Of the three men in the room, John, the accused, was most at ease. He knew he had not taken part in a bank raid that morning, just as he knew that his badge had been in the safe and his gun had been in the safe. There had to be an explanation. So this looked like evidence but it was only circumstantial, damning yes, on the face of it, but circumstantial and wrong. As to the Captain, the Captain saw one of his officers before him, a man who had dropped his badge at the crime scene, who had hidden his gun in his safe, no doubt intending to deal with it later, and who now sat there, cock-sure. There could be no other explanation. You had to be hard-bitten to sit there as calmly as he did. A major scandal on my watch, he thought, when I’m in charge. It’s all happening again, to me. For Ross it was worse: this was his best friend, or so he had thought. But no, he was a member of a ruthless gang that gunned down their friends, and he was still with the gang even after that. His consternation was turning to revulsion.

Engrossed in their thoughts, none of them heard the door open. It was the manager of the bank, now recovered from his ordeal, his statement duly signed and filed.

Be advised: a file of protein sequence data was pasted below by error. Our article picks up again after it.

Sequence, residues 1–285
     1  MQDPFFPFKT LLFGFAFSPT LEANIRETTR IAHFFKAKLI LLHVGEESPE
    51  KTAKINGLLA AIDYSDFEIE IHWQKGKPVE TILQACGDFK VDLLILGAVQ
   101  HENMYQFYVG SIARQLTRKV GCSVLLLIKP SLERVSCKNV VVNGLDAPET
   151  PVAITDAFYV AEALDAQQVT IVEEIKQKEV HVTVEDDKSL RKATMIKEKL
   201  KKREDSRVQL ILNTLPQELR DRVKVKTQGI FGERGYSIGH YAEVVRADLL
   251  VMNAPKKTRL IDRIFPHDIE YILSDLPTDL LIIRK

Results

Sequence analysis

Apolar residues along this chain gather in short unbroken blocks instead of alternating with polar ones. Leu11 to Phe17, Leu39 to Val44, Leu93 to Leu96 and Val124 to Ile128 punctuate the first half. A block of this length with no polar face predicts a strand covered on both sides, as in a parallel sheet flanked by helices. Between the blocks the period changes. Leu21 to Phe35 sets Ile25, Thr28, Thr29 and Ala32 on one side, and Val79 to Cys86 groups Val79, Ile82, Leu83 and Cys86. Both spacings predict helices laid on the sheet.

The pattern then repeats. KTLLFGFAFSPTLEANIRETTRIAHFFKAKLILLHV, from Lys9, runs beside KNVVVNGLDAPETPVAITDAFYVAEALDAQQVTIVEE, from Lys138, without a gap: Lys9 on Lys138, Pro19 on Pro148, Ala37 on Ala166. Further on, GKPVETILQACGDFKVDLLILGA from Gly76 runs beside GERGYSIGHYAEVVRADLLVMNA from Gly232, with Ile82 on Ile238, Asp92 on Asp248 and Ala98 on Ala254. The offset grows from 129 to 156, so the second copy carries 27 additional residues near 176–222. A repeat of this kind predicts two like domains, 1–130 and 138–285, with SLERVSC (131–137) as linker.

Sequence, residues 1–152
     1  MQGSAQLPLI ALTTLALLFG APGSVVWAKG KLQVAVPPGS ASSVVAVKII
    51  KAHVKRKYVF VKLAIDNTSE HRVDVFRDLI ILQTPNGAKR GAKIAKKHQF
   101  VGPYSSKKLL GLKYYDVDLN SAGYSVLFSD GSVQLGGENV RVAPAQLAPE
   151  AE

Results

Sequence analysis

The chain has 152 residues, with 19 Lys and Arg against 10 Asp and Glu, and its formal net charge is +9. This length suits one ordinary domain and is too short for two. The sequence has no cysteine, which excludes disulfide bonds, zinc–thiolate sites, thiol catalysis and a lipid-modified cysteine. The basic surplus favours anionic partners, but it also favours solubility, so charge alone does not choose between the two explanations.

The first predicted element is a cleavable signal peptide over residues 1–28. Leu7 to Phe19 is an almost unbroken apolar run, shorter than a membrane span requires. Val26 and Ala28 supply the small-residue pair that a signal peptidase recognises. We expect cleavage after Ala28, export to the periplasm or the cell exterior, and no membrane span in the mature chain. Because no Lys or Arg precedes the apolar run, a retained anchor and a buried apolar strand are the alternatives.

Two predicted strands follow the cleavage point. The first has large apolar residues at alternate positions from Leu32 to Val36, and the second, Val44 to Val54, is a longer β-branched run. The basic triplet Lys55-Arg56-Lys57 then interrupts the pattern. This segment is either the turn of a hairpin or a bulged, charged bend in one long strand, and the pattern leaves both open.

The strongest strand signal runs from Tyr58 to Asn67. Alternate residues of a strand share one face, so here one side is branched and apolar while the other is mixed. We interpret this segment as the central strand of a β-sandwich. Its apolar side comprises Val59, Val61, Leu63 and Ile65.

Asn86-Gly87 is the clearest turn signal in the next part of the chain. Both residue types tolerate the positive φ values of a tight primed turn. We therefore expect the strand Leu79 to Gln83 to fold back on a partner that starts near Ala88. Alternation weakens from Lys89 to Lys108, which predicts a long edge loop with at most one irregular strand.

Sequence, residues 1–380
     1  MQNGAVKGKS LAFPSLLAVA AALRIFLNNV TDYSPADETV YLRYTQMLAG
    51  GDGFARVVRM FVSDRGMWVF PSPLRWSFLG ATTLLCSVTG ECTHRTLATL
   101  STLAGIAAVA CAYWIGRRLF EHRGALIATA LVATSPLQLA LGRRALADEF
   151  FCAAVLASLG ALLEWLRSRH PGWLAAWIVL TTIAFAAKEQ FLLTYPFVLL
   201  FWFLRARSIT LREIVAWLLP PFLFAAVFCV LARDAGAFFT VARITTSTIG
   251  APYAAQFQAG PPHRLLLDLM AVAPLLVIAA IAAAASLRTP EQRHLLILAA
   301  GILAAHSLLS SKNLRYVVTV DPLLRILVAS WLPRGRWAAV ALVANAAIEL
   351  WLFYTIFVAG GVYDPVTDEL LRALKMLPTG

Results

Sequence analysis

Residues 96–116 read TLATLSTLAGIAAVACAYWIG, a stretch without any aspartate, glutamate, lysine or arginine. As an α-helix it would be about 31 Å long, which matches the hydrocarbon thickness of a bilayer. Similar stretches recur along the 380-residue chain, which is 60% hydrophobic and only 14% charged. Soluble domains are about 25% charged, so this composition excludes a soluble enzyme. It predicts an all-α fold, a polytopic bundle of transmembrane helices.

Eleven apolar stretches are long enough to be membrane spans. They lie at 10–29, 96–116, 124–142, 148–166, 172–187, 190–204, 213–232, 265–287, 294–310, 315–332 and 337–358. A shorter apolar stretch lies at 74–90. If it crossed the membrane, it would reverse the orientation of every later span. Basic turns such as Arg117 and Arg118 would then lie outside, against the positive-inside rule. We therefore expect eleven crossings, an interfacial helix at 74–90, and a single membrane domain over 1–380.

“Just wanted to thank you, Captain. I’m finished. Your guys did a great job. Hey, John. Didn’t see you around for a few days. You missed the action, right?”
“You saw him this morning.” Ross blurted out.
“At the bank.” Ross clarified.
The manager didn’t hesitate for a second. “Only guys I saw, were a couple of clients, the big guy who ran out and the little guy he banged into.” A fault line developed in Hadley’s planogram.
“Outside,” Ross insisted.
“Like I said, the big guy and the little guy. Not John. If you were there, John, I didn’t see you.” He left with a wave. Ross and the Captain looked at one another. Credibility built up over years can be destroyed in one second, and for them John’s credibility had been destroyed with the examination of the gun, but now maybe it hadn’t. But it is not so easy to recover, so easy to climb from the bottom of the pit as to slip into it. Suspicion was firmly rooted.
“The eyewitness exonerates you, John,” the Captain said.
“It’s his badge, his gun, his bullets,” Ross objected.
“That’s the problem,” the Captain said. “You see the problem, Ralphs?” John remained silent. He did see the problem looming very, very large.
“In a small town like this we can hide a lot of stuff.” The Captain looked at the gun on his desk. “I asked you before if you want to resign. Do you?” Ross gasped at the Captain’s words, at the thought that this man could be allowed to go free in the face of the evidence against him.